New York − May 25, 2010 − Writing in today’s edition of the Washington Times in an OpEd titled “Patent Reform Misses the Mark,” Alexander Poltorak, president of American Innovators for Patent Reform, and chairman and CEO of General Patent Corporation, criticizes the Patent Reform Act of 2010 and proposes a multi-tier patent system to encourage innovation and job creation.
“The resulting bill, if passed, would weaken our patent system, making patents less valuable and more difficult to enforce, and ultimately will hurt national innovation and job creation,” he writes. Academia, small businesses and independent inventors – America’s true innovators and job creators – have all but been squeezed out of the discussions, he adds.
Dr. Poltorak asserts that the “reforms” the current bill proposes “are not real reforms.” The proposed legislation does not even attempt to address the most fundamental problems in our patent system. Its most outdated feature is the uniform patent term that patent law applies to inventions in all industries regardless of the product life cycles prevalent in these industries. “A patent today,” he writes, “grants the same 20-year term to both a new drug and a computer invention. This one-size-fits-all approach no longer works. We need different terms of exclusivity for different industries with radically different product life cycles and a Patent Office that is capable of examining patent applications within one year.”
“We need a multitier patent system that applies different examination standards and awards different rights to different levels of inventiveness,” writes Dr. Poltorak. Under this proposal, he explains, “The U.S. would benefit greatly from a shift to a multitier patent system with two or even three levels of patent protection: junior, regular and senior. The Patent Office would award junior patents to minor improvements.” He continues, “The application fees would be small and examination time short.” Poltorak proposes to examine junior patents only for novelty as industrial models are in many European countries. Eliminating examination for non-obviousness will free Patent Office examiners to spend more time on other applications related to more substantive inventions. A junior patent would have a short term, would not entail monopoly rights, and only afford its owner a small royalty.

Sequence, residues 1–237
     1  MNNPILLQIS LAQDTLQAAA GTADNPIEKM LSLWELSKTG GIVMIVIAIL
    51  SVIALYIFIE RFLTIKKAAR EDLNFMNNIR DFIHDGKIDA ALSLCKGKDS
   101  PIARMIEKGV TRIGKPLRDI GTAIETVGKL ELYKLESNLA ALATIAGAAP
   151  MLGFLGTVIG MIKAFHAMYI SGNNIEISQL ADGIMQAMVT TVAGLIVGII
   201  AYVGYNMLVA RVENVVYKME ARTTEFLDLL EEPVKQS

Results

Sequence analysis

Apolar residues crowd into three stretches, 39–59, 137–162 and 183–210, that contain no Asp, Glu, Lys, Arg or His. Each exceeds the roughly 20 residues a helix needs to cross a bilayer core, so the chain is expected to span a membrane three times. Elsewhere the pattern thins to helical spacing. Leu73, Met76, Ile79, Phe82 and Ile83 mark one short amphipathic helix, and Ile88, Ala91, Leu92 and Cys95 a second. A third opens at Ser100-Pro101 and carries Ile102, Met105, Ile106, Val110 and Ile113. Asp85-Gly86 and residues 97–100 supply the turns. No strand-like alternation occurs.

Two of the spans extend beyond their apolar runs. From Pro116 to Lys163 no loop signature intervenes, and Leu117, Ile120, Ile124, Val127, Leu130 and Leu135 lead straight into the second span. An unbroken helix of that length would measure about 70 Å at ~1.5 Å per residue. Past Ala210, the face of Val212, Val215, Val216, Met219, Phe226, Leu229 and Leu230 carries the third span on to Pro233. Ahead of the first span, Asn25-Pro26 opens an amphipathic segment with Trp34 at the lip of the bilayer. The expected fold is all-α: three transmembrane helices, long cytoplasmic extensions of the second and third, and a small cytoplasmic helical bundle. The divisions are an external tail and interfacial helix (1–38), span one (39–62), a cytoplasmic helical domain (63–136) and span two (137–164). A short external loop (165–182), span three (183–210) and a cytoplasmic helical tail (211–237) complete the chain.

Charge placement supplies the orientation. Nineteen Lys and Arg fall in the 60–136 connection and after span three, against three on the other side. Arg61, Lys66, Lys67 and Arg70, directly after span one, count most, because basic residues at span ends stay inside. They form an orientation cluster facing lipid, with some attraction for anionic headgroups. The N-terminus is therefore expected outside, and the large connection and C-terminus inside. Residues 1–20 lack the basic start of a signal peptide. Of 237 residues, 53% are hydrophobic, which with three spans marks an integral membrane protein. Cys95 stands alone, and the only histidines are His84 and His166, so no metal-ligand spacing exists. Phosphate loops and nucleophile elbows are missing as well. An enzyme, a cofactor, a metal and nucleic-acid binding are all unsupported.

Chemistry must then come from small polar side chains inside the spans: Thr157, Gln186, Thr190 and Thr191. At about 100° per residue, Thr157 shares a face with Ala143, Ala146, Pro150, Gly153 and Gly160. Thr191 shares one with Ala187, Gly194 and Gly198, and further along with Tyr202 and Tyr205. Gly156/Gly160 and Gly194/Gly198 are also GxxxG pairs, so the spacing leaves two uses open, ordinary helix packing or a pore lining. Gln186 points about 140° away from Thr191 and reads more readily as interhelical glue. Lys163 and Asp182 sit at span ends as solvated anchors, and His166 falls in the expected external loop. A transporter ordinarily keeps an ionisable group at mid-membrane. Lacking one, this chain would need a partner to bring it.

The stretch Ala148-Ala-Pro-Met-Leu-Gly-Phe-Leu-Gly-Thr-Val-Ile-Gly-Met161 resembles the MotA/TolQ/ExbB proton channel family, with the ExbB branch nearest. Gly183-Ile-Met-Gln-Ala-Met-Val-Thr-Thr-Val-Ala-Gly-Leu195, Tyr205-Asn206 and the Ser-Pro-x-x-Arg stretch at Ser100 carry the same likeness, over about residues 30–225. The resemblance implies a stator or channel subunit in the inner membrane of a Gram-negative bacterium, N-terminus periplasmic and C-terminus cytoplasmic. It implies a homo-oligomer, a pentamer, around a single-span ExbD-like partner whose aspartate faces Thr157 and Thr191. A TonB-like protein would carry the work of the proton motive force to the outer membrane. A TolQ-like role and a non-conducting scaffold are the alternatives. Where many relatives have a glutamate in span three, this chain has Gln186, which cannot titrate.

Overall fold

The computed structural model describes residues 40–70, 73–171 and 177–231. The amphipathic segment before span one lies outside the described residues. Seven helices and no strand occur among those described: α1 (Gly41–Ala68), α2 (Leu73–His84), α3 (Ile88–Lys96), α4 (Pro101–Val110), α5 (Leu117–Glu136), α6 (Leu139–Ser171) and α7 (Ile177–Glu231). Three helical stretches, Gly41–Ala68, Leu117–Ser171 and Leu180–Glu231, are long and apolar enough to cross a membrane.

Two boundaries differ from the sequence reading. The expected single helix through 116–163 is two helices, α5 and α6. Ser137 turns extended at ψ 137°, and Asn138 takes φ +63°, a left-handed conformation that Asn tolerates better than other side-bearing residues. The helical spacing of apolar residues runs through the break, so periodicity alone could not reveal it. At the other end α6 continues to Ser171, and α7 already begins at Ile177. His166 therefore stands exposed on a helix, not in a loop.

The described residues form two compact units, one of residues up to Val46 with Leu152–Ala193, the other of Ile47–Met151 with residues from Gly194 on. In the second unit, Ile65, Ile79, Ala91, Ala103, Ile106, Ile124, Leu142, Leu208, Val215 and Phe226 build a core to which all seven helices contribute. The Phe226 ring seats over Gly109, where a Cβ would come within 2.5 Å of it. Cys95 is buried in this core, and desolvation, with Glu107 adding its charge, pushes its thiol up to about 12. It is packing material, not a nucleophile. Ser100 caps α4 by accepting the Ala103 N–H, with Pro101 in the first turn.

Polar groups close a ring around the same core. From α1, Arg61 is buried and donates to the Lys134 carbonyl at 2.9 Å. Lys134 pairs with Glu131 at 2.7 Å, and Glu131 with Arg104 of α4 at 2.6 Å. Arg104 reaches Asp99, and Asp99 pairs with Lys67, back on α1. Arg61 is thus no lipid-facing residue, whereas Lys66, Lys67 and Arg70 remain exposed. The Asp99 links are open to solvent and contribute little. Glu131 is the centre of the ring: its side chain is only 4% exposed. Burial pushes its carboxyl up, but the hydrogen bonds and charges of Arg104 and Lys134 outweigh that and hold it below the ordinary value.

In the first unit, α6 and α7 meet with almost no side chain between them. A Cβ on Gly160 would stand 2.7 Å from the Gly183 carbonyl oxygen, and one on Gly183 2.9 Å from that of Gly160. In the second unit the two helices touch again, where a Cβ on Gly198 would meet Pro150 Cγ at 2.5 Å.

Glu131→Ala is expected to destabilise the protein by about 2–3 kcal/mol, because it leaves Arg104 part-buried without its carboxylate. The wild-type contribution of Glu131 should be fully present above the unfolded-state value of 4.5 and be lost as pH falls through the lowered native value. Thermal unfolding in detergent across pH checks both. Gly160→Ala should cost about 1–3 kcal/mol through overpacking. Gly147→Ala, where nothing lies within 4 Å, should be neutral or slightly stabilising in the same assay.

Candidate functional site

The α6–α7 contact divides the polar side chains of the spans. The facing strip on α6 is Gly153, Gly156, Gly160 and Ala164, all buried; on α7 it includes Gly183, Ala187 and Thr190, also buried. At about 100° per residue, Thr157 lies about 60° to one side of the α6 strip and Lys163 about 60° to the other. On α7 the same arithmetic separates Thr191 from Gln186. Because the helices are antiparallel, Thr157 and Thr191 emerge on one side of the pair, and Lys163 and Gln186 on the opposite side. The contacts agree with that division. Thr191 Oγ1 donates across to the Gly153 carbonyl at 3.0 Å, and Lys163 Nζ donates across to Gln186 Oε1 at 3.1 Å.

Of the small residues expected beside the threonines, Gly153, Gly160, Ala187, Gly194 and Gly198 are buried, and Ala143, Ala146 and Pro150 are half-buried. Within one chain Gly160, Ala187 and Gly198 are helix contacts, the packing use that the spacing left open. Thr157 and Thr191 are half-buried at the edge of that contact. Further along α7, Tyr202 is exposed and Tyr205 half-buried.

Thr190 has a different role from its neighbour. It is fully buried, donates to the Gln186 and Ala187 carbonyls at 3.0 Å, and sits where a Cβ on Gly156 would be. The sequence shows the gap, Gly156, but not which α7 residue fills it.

Poltorak suggests that “The Patent Office would only grant a senior patent for a significant breakthrough invention.” He explains that a “senior patent would enjoy exclusionary rights and the longest patent term of 20 years. Everything in between would fall into an ordinary patent as we know it now, with its muddled status of non-obviousness.”
While a “multi-tier approach would not solve the obviousness problem entirely, it could reduce it considerably,” Dr. Poltorak adds. “With about 70 percent of patents awarded to minor improvements, which may qualify for junior-patent status and 10 percent of inventions qualifying for senior-patent status, only the remaining 20 percent of applications would be considered for a regular patent award – where most ambiguity occurs.”
He concludes that this arrangement “would reduce the obviousness problem by a whopping 80 percent (by reducing the ambiguity in issued patents). Moreover, eliminating examination for non-obviousness for junior-patent applications would significantly reduce the workload and the 1.2 million patent application backlog in the Patent Office.”